Community//

Agnieszka Wilk of Decorilla Online Interior Design: “Funding was a big learning curve for me”

Funding was a big learning curve for me. In Decorilla’s early days I spent a lot of time researching how to get funding, and honestly, I wasn’t very good at it. Luckily, it turned out to be a blessing in disguise because I have since seen many of our competitors raise tens of millions in […]

The Thrive Global Community welcomes voices from many spheres on our open platform. We publish pieces as written by outside contributors with a wide range of opinions, which don’t necessarily reflect our own. Community stories are not commissioned by our editorial team and must meet our guidelines prior to being published.

Funding was a big learning curve for me. In Decorilla’s early days I spent a lot of time researching how to get funding, and honestly, I wasn’t very good at it. Luckily, it turned out to be a blessing in disguise because I have since seen many of our competitors raise tens of millions in funding but try to grow too fast without getting the product and service right — which has meant them going under.

Meanwhile, we were focusing on testing, iterating, and getting our services to be top-tier. The processes taught us to carry a sense of responsibility, to manage our cash flow, and put quality before quantity. It’s certainly not easy to get organic growth right, but I did learn to slow down in my business processes and do what’s right rather than what’s fastest.


As a part of our series about “Homes Of The Future”, I had the pleasure of interviewing Agnieszka Wilk.

Agnieszka Wilk is the CEO of Decorilla Online Interior Design, a service that connects customers with vetted professional interior designers who create curated 3D and VR spaces based on customer style preferences and budget. Decorilla also serves clients in-home in 20 major cities across the US for 80% less than traditional interior design.

With a team of over 300 interior designers and over 170 furniture partners, Agnieszka has led the company to be the first interior design firm to offer virtual reality to clients. Her passion for design drives her to relentlessly explore how technology can make interior design more accessible and engaging.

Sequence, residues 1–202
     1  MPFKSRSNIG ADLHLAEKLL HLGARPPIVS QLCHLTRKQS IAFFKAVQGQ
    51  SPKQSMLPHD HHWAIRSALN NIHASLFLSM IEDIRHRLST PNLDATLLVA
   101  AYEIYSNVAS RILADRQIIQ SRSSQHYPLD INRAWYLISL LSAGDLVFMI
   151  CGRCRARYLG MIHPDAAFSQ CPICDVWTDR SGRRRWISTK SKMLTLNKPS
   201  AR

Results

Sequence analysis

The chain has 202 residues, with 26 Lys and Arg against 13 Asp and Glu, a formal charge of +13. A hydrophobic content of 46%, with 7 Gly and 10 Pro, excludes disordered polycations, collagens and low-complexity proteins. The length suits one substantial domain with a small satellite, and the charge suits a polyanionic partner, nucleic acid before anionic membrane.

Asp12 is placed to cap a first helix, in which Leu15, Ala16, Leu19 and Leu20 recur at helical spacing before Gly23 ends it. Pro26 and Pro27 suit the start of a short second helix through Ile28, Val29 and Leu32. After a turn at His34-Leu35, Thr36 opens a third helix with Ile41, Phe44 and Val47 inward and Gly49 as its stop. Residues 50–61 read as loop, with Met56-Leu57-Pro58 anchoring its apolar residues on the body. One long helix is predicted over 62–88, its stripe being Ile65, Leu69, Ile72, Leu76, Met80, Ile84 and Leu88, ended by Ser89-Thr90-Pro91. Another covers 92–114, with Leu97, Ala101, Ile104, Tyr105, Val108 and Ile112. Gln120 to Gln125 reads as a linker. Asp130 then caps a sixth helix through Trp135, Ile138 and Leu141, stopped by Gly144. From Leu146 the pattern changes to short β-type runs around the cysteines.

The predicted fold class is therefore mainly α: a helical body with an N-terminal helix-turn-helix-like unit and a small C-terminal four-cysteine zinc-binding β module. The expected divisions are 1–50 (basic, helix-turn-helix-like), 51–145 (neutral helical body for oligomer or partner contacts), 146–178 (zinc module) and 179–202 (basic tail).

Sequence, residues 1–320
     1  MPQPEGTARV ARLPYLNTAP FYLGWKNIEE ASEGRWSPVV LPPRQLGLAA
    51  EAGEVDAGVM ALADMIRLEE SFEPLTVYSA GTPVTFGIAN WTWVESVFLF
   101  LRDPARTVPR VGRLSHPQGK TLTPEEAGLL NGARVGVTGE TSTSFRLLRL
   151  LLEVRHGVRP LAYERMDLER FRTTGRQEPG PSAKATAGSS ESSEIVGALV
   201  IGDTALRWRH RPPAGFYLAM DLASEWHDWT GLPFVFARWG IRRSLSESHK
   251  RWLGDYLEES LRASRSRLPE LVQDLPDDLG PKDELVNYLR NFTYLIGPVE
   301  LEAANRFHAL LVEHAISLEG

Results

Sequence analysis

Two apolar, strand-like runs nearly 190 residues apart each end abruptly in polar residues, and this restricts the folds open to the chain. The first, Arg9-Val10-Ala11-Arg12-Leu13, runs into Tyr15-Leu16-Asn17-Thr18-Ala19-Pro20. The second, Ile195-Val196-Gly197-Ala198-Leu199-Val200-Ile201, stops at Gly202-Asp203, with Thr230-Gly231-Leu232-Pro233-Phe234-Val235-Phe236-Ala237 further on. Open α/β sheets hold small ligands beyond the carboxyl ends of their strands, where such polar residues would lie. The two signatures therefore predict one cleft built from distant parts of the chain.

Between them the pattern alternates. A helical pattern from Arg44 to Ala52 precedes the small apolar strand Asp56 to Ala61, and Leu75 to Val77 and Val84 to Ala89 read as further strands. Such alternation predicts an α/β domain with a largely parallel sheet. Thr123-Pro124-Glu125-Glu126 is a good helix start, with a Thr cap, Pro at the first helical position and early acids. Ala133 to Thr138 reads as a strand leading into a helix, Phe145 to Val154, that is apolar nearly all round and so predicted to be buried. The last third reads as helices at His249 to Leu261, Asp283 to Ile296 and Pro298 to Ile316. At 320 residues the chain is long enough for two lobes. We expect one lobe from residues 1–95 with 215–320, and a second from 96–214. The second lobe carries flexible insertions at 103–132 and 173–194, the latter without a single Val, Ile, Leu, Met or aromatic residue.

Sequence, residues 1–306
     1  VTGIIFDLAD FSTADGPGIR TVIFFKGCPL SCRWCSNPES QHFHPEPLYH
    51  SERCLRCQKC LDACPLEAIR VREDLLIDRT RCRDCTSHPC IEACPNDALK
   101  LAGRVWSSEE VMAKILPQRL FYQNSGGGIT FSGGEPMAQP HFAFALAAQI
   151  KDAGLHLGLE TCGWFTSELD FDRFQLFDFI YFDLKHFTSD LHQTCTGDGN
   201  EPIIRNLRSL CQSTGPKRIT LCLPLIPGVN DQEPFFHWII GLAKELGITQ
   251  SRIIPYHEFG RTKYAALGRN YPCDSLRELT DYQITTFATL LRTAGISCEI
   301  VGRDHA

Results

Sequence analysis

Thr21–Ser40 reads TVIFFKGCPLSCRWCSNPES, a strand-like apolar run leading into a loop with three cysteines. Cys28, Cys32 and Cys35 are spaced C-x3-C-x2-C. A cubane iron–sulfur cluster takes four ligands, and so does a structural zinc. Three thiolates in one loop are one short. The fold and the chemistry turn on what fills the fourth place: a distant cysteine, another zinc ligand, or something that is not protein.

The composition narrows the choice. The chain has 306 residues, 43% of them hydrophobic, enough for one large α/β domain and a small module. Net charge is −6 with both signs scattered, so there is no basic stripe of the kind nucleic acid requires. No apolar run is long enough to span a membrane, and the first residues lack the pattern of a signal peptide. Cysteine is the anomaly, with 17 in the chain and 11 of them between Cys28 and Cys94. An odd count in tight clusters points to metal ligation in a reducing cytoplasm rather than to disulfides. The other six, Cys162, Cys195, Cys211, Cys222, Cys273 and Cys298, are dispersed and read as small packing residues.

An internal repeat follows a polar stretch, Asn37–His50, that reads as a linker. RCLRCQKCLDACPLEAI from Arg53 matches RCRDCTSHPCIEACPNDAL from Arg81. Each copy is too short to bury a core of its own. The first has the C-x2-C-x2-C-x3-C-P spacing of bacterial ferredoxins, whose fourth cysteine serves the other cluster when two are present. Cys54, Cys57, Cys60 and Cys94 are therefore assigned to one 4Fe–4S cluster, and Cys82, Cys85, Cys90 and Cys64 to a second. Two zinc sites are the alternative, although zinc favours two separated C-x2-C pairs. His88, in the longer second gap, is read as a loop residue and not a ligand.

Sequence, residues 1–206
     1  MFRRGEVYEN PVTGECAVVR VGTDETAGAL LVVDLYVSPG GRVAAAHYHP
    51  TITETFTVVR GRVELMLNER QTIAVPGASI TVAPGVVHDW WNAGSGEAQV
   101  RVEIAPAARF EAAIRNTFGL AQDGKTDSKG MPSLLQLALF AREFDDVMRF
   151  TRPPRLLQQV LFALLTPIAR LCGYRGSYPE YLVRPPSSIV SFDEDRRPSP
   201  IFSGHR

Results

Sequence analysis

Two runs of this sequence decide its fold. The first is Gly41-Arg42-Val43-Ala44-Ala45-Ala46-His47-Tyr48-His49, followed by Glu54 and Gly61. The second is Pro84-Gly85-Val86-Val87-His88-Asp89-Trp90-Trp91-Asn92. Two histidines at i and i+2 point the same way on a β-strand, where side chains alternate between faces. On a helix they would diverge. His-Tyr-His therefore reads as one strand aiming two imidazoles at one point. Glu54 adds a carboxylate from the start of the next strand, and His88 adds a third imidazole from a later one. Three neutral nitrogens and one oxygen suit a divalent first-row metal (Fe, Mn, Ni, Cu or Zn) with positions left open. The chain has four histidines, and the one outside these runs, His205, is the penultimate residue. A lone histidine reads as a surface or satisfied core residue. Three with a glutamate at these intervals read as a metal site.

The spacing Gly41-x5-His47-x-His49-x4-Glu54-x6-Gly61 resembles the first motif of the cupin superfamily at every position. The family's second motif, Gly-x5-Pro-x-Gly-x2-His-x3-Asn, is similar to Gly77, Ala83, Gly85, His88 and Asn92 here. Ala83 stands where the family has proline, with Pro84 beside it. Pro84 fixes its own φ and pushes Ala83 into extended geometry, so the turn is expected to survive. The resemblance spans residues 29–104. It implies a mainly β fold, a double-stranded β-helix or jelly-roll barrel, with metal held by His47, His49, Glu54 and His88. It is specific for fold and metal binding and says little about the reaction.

Thank you so much for doing this with us! Before we dig in, our readers would like to get to know you a bit more. Can you tell us a bit about your “backstory”? What led you to this particular career path?

When I was seven I immigrated from Poland to Canada and saw my parents work incredibly hard to learn a new language and create a new life. They taught us that nothing in life is easy, and you have to work hard to reach your goals — that has always stayed with me.

I moved to Seoul after high school and quickly found that my finance background didn’t fit well in South Korea’s male-dominated industry. Being both a woman and a foreigner, I was offered an HR position but I knew this wasn’t what I really wanted to pursue.

I focused my energy into decorating my apartment and discovered the financial and time costs of a trial-and-error approach. It led me to think about how there’s a lack of online interior design resources to support these kinds of projects. I’d always had a voice in my head saying that I should be an entrepreneur and once I began nurturing this business opportunity, I took the leap.

Today, I run an international online interior design company and know that even though it hasn’t been an easy path, it was definitely the right decision.

Can you share the most interesting story that happened to you since you began your career?

Funding was a big learning curve for me. In Decorilla’s early days I spent a lot of time researching how to get funding, and honestly, I wasn’t very good at it. Luckily, it turned out to be a blessing in disguise because I have since seen many of our competitors raise tens of millions in funding but try to grow too fast without getting the product and service right — which has meant them going under.

Meanwhile, we were focusing on testing, iterating, and getting our services to be top-tier. The processes taught us to carry a sense of responsibility, to manage our cash flow, and put quality before quantity. It’s certainly not easy to get organic growth right, but I did learn to slow down in my business processes and do what’s right rather than what’s fastest.

Are you able to identify a “tipping point” in your career when you started to see success? Did you start doing anything different? Are there takeaways or lessons that others can learn from that?

The biggest tipping point for me was when we finally launched Decorilla. I had started working on the concept over a year before and I never imagined it would come together so well. We hosted a launch party for the event with demos and information about the company and quickly found that people were genuinely interested in what we had to offer.